ALEC has become a target for some activist groups who contend that corporations, which finance most of ALEC's operations and reimburse the travel costs for some elected officials who attend the meetings, shouldn't have a seat at the table when lawmakers are writing bills.
"Legislators are voting behind closed doors alongside corporations to change our rights," said Lisa Graves, executive director of the Center for Media and Democracy, a Washington- based group that tracks news sources, who traveled to New Orleans to provide a counterpoint to ALEC's messages.
Niederhauser, whose home is in Sandy, Utah, said the criticism is overblown. "I get lobbied much harder in my own state," he said. He and other elected officials attending this week's gathering said they come to ALEC meetings to network with colleagues from other states.
Corporations are "definitely here, but I've not been lobbied at all," said Kansas Representative Mike Burgess, a Republican who has served in the state legislature for nine years. "I've not been subjected to any arm twisting."
Wal-Mart and BP
Companies definitely were there. Officials from Wal-Mart, oil giant BP Plc, and drug-maker Allergan Inc. were among the hundreds of private sector members at the New Orleans meeting. Three boards more than six-feet tall listed the event sponsors, which included United Healthcare Inc., cigarette-maker Altria and pharmaceutical-maker Johnson & Johnson.
When Louisiana Governor Bobby Jindal, a Republican, spoke at the opening day luncheon, the logo for PhRMA, the lobbying arm of the pharmaceutical industry, was displayed on a screen behind him. Shell Oil Co.'s yellow shell logo hovered over the head of economist Arthur Laffer when he spoke at a breakfast.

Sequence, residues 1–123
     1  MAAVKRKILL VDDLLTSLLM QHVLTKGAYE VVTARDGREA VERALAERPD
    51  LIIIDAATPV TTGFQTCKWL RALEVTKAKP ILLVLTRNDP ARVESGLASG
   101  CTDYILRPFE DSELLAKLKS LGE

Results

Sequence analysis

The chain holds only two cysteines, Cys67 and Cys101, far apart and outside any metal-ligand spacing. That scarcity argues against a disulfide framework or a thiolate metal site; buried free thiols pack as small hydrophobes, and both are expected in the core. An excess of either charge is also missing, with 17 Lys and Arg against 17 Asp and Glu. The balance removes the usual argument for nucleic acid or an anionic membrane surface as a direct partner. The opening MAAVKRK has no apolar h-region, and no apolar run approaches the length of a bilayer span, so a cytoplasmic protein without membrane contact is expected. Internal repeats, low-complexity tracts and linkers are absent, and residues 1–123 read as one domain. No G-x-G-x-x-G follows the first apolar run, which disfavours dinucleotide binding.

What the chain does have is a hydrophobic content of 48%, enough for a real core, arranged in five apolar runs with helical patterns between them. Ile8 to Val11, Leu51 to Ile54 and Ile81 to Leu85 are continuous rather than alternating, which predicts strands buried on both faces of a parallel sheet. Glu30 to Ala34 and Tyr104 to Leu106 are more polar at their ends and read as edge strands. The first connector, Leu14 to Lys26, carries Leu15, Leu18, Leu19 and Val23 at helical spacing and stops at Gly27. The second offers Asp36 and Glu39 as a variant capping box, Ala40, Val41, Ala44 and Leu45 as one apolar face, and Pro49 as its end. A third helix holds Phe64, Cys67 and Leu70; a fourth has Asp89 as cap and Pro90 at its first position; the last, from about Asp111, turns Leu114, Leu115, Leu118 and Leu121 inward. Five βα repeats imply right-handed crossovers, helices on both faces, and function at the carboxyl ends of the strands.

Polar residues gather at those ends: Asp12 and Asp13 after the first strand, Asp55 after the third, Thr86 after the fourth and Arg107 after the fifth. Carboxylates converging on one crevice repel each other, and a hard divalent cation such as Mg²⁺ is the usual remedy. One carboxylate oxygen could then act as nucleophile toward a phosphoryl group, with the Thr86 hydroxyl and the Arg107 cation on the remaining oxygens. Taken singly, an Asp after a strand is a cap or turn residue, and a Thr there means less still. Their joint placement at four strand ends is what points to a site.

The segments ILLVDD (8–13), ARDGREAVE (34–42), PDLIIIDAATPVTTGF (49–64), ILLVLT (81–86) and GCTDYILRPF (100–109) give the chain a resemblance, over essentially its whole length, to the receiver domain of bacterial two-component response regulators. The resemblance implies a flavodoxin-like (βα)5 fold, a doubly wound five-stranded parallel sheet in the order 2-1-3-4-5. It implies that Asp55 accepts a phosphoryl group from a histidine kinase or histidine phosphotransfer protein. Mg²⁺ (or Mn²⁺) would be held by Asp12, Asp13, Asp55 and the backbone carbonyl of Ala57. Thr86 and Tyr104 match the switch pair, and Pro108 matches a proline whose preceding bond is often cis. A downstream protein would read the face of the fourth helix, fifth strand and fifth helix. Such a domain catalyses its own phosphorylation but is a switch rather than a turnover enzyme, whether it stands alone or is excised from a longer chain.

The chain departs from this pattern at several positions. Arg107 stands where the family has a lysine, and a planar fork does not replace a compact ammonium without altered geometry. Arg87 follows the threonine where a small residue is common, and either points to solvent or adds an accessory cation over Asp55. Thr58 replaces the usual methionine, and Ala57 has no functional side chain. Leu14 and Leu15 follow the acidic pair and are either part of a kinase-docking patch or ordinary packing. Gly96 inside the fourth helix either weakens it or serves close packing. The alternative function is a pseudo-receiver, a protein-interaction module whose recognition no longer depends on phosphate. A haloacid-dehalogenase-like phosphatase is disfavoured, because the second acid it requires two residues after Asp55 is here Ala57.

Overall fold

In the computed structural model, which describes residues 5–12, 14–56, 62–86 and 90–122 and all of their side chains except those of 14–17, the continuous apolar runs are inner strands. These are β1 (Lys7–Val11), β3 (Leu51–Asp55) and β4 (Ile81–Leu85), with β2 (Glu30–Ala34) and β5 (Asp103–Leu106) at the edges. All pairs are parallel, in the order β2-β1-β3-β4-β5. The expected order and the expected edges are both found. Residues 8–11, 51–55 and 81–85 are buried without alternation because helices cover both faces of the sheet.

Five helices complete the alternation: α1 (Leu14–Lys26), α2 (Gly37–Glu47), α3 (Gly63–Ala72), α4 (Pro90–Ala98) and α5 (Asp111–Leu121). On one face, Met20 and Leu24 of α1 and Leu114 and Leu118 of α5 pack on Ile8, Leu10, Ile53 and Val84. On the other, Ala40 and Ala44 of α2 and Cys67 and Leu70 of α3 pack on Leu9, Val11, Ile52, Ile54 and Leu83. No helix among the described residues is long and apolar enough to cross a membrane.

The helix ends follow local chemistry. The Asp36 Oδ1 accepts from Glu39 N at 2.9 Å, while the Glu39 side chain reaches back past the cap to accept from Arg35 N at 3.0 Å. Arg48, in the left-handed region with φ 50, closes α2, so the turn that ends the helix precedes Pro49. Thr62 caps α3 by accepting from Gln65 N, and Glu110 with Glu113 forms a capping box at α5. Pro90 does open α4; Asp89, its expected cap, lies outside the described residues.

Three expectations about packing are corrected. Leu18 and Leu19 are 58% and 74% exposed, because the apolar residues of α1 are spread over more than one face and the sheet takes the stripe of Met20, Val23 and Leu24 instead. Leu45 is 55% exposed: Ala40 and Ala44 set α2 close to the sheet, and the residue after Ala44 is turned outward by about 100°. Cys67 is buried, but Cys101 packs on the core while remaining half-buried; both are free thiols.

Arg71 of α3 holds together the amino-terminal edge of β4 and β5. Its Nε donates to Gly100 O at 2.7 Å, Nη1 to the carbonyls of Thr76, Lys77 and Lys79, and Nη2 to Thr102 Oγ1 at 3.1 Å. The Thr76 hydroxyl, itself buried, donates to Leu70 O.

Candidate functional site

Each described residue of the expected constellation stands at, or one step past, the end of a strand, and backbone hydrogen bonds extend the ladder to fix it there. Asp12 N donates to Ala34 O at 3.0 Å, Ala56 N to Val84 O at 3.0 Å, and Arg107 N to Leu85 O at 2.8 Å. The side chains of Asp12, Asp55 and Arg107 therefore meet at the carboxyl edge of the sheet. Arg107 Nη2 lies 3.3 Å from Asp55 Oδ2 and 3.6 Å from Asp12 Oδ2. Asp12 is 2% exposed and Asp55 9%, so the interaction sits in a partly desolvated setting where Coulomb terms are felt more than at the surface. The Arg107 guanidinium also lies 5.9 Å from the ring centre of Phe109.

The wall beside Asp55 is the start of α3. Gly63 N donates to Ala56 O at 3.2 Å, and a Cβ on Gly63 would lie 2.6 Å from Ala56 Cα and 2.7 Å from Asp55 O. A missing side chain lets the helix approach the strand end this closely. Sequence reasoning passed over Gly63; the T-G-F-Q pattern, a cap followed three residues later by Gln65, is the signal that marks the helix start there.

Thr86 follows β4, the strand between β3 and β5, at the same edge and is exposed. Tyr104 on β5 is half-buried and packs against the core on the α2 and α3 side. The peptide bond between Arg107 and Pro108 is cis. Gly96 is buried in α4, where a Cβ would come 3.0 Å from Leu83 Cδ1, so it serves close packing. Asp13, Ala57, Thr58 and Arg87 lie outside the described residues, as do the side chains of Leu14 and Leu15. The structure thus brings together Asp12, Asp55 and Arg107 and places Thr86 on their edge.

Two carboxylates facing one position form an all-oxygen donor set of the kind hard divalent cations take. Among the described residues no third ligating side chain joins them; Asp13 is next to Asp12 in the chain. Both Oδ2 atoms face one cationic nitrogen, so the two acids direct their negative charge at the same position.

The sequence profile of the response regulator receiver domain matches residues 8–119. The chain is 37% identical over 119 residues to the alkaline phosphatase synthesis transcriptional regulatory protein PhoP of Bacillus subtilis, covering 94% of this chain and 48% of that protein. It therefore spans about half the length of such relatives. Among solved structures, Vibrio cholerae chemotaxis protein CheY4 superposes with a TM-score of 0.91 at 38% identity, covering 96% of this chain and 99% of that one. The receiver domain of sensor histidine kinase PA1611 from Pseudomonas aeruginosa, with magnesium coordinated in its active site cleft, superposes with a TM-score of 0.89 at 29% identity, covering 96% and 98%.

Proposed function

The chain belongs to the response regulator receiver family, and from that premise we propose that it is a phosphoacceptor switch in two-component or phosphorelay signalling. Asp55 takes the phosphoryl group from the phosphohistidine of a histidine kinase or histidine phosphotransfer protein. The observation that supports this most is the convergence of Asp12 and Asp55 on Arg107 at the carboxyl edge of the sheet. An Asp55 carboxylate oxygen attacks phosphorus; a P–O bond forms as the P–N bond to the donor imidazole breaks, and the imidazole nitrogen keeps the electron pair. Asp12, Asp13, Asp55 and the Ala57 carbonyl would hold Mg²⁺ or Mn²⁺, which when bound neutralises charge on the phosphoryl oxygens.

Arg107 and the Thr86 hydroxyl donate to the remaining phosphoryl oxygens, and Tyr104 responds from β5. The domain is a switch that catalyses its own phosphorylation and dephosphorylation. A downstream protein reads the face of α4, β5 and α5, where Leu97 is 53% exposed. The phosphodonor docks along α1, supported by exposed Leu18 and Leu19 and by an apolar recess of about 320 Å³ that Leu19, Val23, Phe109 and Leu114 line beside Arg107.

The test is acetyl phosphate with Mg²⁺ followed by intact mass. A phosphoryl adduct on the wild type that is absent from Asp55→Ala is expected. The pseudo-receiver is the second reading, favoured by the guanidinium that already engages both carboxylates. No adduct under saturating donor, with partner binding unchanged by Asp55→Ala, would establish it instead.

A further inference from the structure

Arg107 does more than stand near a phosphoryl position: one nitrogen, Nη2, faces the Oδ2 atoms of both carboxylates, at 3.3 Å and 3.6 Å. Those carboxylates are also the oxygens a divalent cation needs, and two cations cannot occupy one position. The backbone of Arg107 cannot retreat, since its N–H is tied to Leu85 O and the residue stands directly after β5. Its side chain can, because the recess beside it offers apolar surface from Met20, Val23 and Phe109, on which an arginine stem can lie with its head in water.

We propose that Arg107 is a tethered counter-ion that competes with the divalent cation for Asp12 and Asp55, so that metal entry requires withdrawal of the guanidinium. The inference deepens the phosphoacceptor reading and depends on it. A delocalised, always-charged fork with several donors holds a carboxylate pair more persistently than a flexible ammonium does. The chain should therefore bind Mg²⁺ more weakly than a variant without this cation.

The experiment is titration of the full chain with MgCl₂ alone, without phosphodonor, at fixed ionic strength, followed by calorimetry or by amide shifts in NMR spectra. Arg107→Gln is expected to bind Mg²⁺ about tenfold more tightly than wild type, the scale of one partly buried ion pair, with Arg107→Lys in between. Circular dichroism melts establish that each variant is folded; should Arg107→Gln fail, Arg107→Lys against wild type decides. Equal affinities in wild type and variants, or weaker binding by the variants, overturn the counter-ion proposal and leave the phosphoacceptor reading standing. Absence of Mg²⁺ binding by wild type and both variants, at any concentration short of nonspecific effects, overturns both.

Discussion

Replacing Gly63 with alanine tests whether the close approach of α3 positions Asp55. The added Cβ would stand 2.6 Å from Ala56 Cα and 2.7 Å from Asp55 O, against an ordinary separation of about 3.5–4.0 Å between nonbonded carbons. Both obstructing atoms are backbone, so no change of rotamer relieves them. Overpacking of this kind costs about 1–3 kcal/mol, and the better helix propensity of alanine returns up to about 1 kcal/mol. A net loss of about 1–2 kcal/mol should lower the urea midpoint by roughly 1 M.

Corporate sponsors of organizations' annual meetings aren't unusual. It is ALEC's task forces that are coming under most scrutiny.
The committees meet in sessions closed to reporters and the general public, during which they debate and vote on model bills. Legislators and private-sector task force members must vote to endorse any model legislation -- and each group must deliver a majority before it is officially adopted, said Raegan Weber, ALEC's spokeswoman.
Adoption doesn't mean it will automatically be considered for passage. It's up to the elected officials to bring the proposed bills to the state Capitol and usher them into law. Burgess of Kansas says he has gotten ideas at ALEC but has never brought a model bill home.